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Finding Neverland Blog Archive

Sunday, June 26, 2016

Famous Greek Theater and Dramatics.

Ancient Greek Comedy Theatre

The ancient Greeks loved live theater. Every town had at least one open air theater. These theaters attracted crowds of 15,000 people per performance. Each town bragged about how wonderful their plays were and how marvelous their actors were. The Greeks were very competitive. They had drama contests between towns. Winners were treated with great respect, nearly as much respect as the Olympic winners.

The Ancient Theatre of Delphi.
The Greek architects built theatres on hillsides. That let them position long benches in rows, one above the other, so that everyone could see what was happening on the stage. The stage was located at the bottom of the hill. They could also hear. Greek theatres had great acoustics by design.

Types of plays.

The ancient Greeks invented three types of plays.
1.      Tragedies always had a sad ending.
2.      Comedies always had a happy ending.
3.      Satires poked fun at real people and events.

(In ancient Greece, it was illegal to poke fun at the gods. Punishment for mocking the gods was death.) Comedies and tragedies entertained, but a well written satire could sway public opinion.

Famous Play Writers.

Aeschylus.
The first great tragedian, Aeschylus, was born around 525 b.c.e. He produced his first dramas in 498, and he had his first victory in 484. He died in Sicily, having returned there sometime after 458. His tombstone mentions that he was an Athenian and that he fought at Marathon, but does not mention his plays. His life linked the Archaic and Classical ages, and Aeschylus' plays reflect that fact. Considered even by the ancients to be difficult and old-fashioned, Aeschylus was also quite innovative in the structures, personnel, and even subjects of his plays. He wrote around 89 plays, of which we have only seven.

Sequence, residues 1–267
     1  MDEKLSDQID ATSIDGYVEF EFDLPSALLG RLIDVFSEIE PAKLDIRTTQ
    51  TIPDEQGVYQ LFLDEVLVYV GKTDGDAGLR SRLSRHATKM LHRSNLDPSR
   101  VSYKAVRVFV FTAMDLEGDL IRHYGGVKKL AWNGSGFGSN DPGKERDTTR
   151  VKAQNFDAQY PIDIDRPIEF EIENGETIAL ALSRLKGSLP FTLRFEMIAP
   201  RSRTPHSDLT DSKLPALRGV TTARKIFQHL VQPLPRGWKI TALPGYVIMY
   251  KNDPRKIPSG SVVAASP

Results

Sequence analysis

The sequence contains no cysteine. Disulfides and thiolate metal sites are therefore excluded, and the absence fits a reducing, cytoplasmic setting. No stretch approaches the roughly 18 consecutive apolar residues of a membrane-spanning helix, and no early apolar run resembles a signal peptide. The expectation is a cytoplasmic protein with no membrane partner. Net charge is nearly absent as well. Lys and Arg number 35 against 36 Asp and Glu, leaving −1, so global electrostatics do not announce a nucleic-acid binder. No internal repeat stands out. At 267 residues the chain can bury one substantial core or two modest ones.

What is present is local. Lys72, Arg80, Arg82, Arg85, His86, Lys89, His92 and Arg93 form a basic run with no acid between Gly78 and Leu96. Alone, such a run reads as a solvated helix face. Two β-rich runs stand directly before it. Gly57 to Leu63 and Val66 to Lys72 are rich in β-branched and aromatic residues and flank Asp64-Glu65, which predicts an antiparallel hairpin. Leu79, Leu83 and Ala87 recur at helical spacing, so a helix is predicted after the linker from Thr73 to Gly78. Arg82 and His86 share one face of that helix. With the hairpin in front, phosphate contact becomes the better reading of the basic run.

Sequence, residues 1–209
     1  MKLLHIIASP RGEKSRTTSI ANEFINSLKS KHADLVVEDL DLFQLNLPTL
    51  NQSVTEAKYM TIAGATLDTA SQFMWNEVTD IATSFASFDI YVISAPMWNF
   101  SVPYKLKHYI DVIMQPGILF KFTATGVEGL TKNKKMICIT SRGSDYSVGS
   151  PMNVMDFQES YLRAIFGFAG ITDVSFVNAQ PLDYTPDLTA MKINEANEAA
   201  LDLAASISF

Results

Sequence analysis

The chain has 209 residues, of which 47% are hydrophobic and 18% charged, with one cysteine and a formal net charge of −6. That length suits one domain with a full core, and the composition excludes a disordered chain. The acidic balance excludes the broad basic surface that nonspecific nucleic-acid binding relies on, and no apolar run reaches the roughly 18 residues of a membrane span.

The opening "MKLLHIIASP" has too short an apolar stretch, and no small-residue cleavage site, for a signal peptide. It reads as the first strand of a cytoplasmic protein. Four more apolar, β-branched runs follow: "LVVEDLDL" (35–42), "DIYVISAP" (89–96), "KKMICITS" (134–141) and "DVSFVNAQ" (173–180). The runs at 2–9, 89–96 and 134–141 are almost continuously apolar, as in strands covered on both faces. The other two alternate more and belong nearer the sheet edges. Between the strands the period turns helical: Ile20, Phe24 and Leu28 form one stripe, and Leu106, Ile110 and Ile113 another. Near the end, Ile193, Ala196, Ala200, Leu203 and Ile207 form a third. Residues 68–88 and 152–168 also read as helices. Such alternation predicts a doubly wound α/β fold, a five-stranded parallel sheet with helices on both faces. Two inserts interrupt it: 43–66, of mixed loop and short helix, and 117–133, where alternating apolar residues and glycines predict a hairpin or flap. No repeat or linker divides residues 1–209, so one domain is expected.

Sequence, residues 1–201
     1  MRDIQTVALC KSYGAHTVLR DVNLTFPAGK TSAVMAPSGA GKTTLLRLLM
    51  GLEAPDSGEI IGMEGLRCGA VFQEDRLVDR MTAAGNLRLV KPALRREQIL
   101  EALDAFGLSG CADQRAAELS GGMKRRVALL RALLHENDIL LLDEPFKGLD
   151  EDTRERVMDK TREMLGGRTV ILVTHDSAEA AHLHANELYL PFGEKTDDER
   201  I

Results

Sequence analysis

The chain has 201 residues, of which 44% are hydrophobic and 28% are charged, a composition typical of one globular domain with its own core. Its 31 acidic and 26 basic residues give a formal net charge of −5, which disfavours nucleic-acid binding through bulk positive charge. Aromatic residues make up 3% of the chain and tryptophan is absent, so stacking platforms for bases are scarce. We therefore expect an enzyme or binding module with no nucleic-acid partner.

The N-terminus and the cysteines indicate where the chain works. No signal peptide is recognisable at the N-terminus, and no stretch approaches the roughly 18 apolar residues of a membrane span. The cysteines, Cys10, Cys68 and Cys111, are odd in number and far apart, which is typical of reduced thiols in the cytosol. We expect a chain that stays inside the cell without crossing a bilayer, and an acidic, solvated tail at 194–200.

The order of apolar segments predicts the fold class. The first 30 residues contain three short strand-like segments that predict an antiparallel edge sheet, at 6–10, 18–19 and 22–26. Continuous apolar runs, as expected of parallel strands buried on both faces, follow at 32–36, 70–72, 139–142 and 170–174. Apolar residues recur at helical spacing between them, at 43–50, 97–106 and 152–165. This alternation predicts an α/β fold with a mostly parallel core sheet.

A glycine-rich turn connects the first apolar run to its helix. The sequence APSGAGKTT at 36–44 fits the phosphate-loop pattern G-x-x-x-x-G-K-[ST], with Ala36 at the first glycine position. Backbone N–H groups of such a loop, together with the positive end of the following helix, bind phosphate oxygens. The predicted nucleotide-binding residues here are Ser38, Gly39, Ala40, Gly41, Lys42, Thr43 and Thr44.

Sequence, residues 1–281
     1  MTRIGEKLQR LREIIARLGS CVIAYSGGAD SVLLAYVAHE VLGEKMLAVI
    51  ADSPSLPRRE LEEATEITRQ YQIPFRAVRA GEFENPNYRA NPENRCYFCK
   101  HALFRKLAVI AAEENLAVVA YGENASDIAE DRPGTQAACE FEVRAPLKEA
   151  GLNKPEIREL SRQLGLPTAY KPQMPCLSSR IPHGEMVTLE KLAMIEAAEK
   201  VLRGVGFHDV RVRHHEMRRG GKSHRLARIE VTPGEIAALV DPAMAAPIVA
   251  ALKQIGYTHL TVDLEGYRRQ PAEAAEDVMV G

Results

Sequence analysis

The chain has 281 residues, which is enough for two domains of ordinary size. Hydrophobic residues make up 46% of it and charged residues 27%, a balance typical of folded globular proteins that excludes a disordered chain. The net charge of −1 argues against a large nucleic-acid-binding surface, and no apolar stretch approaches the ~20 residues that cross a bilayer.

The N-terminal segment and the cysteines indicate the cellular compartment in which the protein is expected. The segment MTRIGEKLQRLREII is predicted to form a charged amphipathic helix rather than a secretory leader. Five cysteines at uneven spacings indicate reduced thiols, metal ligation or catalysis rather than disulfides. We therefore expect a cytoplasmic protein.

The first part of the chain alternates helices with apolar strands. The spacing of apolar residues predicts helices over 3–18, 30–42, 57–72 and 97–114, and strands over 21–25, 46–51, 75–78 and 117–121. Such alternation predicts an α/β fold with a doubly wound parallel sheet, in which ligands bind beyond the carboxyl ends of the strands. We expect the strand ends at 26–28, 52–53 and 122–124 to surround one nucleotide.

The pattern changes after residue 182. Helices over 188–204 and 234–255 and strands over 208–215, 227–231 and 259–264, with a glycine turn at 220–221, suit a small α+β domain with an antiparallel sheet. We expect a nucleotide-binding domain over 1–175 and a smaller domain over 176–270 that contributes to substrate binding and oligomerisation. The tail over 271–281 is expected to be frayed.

Sophocles.
Sophocles, was born 497/496 b.c.e. He won eighteen victories at the Great Dionysia, and he never placed lower than second. He was strategos (one of ten elected generals) with Pericles, an office he probably held more than once. He was also personally involved in bringing the healing cult of Asclepius to Athens. He died in 406. Aristotle admired Sophocles (and particularly his Oedipus the King) because he wrote good plots about important people. Many people share Aristotle's point of view and consider Sophocles the greatest Greek playwright. He wrote a total of 123 plays written by Sophocles, of which a mere seven survive.

Euripides.
Euripides was the youngest of the three great tragedians. Born in the 480s b.c.e., Euripides first competed in the Great Dionysia in 455. He competed twenty-one more times, but won only four times, including with the tetralogy that included Bacchae and Iphigeneia at Aulis, produced after his death in 406. Most of what has come down as Euripides' biography is pieced together from jokes made about him in comedies, and thus is not particularly reliable. He seems not to have taken part in public life; he may have had a bad marriage; and one of his sons (or a nephew) was a tragic poet, too. There is also some evidence that he may have been an intellectual loner, and he perhaps had a large library. There are nineteen plays by Euripides.

Aristophanes.
Aristophanes, the most famous writer of Greek comedies, was born in the 440s b.c.e.
Many of his plays comment on the long war—perhaps the most famous is Lysistrata. He often made fun of tragedy and the tragedians: Aristophanes' Frogs is one of the best ancient critiques of the other playwrights that we still have. He produced his first play in 427. Before his death in the 380s he had written 44 comedies, of which we have eleven.

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